If Betty Cobb read “Oh, the Places You’ll go!” by Dr. Seuss, she probably did not think she would go to the United Way of Greenwood and Abbeville Counties for such an extended period. But things have a way of working out like that. A door closed at Greenwood Mills 25 years ago, another opened -- and remained that way -- at the United Way office where she served in a couple of capacities before deciding to set aside more time for herself and husband in retirement years.
Known to many as the embodiment of what United Way stands for, Cobb was feted Tuesday night for her many years of service to the agency that funds many area nonprofits. Cobb is one of those people who stand out as a pillar not only in the community, but also in her work. Of course the agency will move forward without her, but she has been instrumental in shaping and making the local United Way what it is today. And for that, Cobb gets a big thumbs up.

This is a particularly good week for giving thumbs up. On Wednesday, the Greenwood Chamber honored several people for the impact they had on and in the community. Wayne Gantt, president of Blyth Funeral Home and Cremation Services and Oakbrook Memorial Park, received the 2014 Small Business Person of the Year honors. Boggero’s Services was named the state’s (yes, state, not just Greenwood) U.S. Small Business Administration’s S.C. Family-owned Business of the Year while J.B. Smith was given a special honor as the Duke Energy Citizenship and Service Award recipient.


Gantt is not 130 years old, but the business he operates has been serving greater Greenwood that many years, making it the longest-serving business in the county. That’s substantial. And Boggero’s has been in business 75 years. Smith, on the other hand, has given many of her years in quiet and faithful service to a place that is near and dear to her own heart, Bowers-Rodgers Children’s Home. All in all, a great occasion and worthy of a thumbs up at the very least.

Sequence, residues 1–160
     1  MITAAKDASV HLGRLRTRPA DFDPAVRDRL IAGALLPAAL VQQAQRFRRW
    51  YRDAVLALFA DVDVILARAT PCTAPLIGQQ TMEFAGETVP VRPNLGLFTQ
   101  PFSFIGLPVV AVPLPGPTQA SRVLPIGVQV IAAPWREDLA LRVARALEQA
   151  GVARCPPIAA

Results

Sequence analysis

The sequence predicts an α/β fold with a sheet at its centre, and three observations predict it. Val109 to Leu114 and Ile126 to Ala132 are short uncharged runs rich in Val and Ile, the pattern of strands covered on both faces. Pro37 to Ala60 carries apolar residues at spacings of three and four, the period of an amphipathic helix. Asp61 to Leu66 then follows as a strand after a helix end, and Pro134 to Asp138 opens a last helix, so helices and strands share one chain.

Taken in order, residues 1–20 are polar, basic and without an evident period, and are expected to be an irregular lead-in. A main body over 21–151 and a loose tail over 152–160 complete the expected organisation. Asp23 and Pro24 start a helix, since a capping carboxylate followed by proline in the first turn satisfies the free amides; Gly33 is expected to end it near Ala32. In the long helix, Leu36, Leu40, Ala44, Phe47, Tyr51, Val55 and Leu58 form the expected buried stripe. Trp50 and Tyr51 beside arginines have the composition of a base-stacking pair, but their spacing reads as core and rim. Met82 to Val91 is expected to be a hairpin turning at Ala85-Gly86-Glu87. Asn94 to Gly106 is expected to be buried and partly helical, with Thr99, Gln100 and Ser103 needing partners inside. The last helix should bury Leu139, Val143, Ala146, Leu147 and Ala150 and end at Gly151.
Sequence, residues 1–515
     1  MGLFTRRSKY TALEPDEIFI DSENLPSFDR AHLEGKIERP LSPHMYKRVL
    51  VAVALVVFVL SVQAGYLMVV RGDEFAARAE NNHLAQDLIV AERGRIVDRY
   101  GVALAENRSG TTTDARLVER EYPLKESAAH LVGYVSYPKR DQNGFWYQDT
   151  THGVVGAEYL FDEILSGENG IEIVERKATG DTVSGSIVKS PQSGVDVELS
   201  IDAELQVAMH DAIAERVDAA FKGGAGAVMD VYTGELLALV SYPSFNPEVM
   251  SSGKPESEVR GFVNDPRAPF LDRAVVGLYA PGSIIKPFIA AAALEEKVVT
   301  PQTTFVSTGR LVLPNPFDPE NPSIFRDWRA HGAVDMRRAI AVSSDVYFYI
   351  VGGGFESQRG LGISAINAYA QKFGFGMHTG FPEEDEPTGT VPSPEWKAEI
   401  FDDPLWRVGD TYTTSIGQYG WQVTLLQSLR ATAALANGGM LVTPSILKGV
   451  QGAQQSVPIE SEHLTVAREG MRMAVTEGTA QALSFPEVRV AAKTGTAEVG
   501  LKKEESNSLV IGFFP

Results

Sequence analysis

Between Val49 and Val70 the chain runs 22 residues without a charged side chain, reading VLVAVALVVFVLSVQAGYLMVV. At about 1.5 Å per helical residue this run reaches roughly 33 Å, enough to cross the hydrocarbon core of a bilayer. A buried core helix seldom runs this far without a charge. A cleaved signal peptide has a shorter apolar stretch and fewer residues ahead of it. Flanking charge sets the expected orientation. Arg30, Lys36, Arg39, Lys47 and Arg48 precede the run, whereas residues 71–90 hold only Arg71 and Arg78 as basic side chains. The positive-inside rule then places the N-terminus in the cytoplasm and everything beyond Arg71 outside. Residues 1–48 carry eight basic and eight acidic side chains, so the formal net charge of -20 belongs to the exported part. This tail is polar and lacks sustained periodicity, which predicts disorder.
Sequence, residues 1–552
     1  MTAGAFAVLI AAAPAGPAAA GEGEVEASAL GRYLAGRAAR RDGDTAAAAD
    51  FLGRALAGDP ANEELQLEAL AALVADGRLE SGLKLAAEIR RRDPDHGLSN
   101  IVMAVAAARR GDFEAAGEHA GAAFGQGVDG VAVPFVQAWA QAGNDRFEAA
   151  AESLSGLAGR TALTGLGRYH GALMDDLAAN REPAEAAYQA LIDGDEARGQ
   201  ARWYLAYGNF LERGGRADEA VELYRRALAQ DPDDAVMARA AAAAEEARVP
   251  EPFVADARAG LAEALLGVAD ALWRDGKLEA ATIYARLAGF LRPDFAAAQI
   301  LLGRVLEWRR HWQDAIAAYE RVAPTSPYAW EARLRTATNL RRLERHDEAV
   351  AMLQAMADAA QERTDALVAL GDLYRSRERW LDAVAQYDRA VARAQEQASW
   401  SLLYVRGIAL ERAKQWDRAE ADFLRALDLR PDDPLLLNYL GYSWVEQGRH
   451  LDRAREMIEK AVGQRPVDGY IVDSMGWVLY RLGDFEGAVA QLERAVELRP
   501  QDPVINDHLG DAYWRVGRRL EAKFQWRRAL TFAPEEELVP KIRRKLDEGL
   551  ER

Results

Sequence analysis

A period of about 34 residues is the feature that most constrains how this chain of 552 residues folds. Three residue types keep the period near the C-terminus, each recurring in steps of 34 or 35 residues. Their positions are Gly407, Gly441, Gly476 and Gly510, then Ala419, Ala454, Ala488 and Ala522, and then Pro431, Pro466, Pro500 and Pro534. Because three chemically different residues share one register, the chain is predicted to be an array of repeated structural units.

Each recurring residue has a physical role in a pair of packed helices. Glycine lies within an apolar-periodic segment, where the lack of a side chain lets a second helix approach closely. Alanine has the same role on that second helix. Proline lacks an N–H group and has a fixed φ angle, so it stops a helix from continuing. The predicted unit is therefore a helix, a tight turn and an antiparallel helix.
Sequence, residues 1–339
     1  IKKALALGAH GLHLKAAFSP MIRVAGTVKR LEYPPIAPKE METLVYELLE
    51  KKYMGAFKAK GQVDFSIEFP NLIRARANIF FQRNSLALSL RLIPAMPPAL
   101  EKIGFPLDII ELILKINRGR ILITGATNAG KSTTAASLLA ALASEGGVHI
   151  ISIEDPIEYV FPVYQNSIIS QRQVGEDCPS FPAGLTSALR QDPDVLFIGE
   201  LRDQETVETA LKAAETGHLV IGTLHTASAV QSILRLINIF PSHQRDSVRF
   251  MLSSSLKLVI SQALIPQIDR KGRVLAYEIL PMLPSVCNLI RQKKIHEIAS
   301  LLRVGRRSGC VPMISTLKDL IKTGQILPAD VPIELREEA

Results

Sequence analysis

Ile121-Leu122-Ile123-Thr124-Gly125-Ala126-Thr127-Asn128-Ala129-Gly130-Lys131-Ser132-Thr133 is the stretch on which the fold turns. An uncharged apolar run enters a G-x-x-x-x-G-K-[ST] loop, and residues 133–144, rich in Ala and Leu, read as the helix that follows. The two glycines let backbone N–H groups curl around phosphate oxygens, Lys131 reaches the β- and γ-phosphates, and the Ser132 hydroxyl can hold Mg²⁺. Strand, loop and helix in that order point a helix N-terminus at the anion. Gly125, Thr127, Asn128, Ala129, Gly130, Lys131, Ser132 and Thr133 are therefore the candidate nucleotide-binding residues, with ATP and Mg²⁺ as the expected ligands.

Sure, say what you want about us being on a mission but once again we have to issue a thumbs down to the folks who think absolutely nothing of tossing their trash along our roads and highways. Volunteer crews regularly set out, usually on the weekend when they ought to be able to enjoy doing something relaxing or tending their own yards, and clean up the mess others make. It’s one thing when a child accidentally drops something out of the car window or the wind carries a loose tissue or candy wrapper out of the car and onto the roadside. It’s another, however, when people simply deliberately toss their fast-food bags, cups and containers out the window. Or their cigarette butts. And then there’s the real brazen jerk who doesn’t bother going to the county dump site and tosses his bags of trash along the roadway.
Maybe we need stricter laws. Sure would be good to catch these people and make them work on roadside cleanup for weeks at a time. In the extreme heat of summer. Without a water bottle, since they would likely toss that aside too. Or maybe we take a lesson from Singapore which, admittedly, is a bit too strict. Still, the streets there are extremely clean. Singapore has a litter law dating from 1968 that says litter bugs can be fined $1,000 for the first conviction and $5,000 for repeat convictions. Plus community labor, of course. On third offense, the litterer will also have to wear a sign reading “I am a litter lout.”